The Dollar Sweets action shattered conventional thinking on this issue and, of course, it ended the long period of practical immunity from the common law which unions had enjoyed. One of the reasons common law actions were not taken was a fear of the possible reaction to the ending of the unions' privileged exemption from the law.
What Ray and the other founders of the Society noticed was the facts of the matter were forgotten fairly quickly, and the significance of the Dollar Sweets case would be forgotten if some one or few didn’t preserve the facts and make them known.
Since then the HR Nicholls Society has become the thorn in the side of the unions, and they were called ‘economic lunatics and political troglodytes’ by then Prime Minister Bob Hawke.
Ah, the irony of calling Costello an economic lunatic.
It’s 30 years since Dollar Sweets, and despite the attempts by the Howard Government and the current coalition government, we are still operating in a climate where the unions dominate the industrial relations debate at the expense of their own members and better productivity, and the complexity of awards is making it difficult for businesses to manage payroll systems efficiently, leaving them open to mistakes which can take years to manifest.
As late as last week, Queensland Federal Circuit Judge Michael Jarrett handed down a $40,000 fine to the CFMMEU in an attempt to deter what he called their ‘unending recidivism’.
There is a definite ‘thumbing of the nose’ by the CFMMEU. Organisers like Victorian Theo Theodorou – a repeat law-breaker who has incurred some $30,000 worth of personal fines since 2014 – just don’t regard their actions as wrong.
Theodorou received a $9000 personal fine in 2014, and in applying the fine Federal Court Justice Wheelahan said:
"The main consideration is to give the penalties that will be imposed upon Mr Theodorou their intended deterrent effect by ensuring that the burden of the penalty is recognised.”
Theodorou hasn’t paid that fine as of last Thursday, so he faces the likely prospect of prison. Rather than paying it, Theodorou is using crowdfunding site Raisely to raise the money.
Oh the irony of a world where if you are Israel Folau you can’t use a crowdfunding site to raise funds to run a legal case alleging unfair dismissal for religious discrimination, but if you are a unionist you can use them avoid the deterrent effect of court imposed consequences for illegal action.
He has the support of the Trades and Labor Council of Victoria and the tacit approval of the head of the ACTU, who is on the record as saying ‘if we don’t think the law is fair, then we won’t obey it’.
But given how long union lawlessness has persisted, given the way that high fines have not improved attitude, perhaps we need to revisit the idea.
For the CFMMEU, fines are just another cost of doing business. This attitude creates constant stoppages on worksites over even petty grievances, and it is adding massively to the cost of construction in a manner largely unseen.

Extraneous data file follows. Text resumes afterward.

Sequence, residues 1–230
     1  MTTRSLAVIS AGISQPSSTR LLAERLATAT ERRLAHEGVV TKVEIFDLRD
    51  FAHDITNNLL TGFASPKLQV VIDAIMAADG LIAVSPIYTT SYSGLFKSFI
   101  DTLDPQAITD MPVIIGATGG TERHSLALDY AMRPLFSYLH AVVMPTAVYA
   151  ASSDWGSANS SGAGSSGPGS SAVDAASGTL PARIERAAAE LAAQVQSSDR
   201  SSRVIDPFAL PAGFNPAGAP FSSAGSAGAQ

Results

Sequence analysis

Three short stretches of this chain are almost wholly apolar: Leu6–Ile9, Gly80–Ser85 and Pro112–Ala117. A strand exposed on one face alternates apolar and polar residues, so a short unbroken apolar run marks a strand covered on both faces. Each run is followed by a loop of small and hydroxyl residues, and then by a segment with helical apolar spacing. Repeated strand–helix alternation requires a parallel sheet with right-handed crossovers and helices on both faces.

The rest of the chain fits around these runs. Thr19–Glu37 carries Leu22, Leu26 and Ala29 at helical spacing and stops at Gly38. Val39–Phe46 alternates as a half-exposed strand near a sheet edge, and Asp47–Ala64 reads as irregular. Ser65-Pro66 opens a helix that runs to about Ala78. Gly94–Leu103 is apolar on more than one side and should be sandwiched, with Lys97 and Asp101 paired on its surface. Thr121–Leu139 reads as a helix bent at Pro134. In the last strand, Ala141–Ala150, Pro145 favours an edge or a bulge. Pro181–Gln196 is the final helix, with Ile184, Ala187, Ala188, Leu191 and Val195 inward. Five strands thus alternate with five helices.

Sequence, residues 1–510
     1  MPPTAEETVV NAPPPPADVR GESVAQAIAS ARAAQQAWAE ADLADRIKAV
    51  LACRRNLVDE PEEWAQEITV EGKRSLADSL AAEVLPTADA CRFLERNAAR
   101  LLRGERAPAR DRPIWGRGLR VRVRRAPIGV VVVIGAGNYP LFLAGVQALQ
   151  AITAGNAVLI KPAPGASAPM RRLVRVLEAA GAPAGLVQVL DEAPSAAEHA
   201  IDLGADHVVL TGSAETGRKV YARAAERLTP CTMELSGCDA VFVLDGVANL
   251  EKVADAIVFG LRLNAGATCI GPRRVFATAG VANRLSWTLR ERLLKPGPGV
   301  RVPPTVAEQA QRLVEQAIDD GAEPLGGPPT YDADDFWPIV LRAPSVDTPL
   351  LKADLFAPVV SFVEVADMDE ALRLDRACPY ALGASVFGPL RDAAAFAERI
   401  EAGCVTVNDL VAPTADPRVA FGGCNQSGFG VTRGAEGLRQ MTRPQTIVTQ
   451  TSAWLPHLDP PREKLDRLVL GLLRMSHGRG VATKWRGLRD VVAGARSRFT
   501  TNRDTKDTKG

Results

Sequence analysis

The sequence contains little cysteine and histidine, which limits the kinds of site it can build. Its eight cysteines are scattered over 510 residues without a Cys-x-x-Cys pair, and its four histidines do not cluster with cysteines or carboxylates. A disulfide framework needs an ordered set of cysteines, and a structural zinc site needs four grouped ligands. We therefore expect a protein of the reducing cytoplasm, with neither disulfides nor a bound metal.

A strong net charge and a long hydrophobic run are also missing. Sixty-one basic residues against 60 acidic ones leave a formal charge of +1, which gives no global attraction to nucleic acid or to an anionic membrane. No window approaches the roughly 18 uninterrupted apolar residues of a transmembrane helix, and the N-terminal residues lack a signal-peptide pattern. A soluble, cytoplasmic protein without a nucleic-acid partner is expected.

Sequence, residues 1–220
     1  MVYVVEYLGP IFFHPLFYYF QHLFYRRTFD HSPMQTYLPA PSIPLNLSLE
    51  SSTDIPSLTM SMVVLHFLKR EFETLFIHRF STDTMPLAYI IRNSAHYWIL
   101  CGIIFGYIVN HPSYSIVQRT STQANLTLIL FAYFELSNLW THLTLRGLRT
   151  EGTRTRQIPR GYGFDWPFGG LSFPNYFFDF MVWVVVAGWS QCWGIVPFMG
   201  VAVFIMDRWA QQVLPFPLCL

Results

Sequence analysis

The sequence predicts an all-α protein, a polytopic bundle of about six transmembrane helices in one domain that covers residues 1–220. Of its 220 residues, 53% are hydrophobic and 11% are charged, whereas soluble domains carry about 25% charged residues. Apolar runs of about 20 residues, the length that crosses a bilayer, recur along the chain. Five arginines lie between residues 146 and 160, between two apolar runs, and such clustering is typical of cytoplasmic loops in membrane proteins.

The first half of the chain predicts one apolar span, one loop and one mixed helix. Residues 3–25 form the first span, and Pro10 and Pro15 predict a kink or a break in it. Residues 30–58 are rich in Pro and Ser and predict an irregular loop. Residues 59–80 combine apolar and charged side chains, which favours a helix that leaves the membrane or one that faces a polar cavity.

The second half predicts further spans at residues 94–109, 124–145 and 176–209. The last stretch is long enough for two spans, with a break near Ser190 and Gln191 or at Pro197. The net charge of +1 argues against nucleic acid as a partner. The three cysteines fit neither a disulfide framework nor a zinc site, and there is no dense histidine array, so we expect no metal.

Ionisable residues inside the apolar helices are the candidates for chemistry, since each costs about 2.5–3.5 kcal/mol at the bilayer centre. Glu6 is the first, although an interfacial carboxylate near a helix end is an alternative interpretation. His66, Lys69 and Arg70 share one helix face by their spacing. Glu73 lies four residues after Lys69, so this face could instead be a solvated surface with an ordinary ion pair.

These costs are passed onto us. Higher prices for apartments or office space. Or in the case of the government projects, the cost is passed onto the taxpayer.
If I were a builder, I would quantify that extra cost, and provide details of it to the end user – whether government, commercial, or individuals. You can’t generate an imperative for change until people can see the magnitude of the problem.
But fines alone are not working.
Aspects of the Ensuring Integrity Bill are designed to scaffold fines in encouraging a more lawful standard of conduct among recidivist unions.
But I can’t help but think the market can play an important role in solving this problem.
The ‘conveniently belong rule’ in the Fair Work Act, is what some of us might called the closed shop or monopoly a union is given on sites.
The fines being issued are not even in the league of the value that attaches to being the only union on site. What if we committed to ending union monopolies, and allowing the cleansing effect of competition to raise standards of union conduct and the value for money delivered to members?
There is a little known ‘Easter egg’ in the Fair Work Act 2009.
Australia is a signatory to a number of ILO Conventions which preserve the right of a person to join an organisation or to form one, for the purposes of bargaining with an employer.
In Gillard’s Fair Work Act 2009, this right is articulated in the Object of the Act and section 179,
‘an employer… must not refuse to recognise or bargain with another bargaining representative for the agreement’.
What this means is there is a provision which allows for people to form their own unregistered organisation to represent their rights in the workplace. These unregistered organisations have the same rights and responsibilities as a registered union. Contributions to them are also tax deductible.
There is no legal impediment to a group of disgruntled workers – annoyed both with their boss and their union – from forming an unregistered organisation to represent their rights in the workplace.
In 2014, the Nurse Professionals Association of Queensland was established provide the 85,000 nurses in Queensland with a choice between belonging to the Queensland Nurses and Midwives Union, with its close ties to the ALP, and the newly-formed, apolitical NPAQ.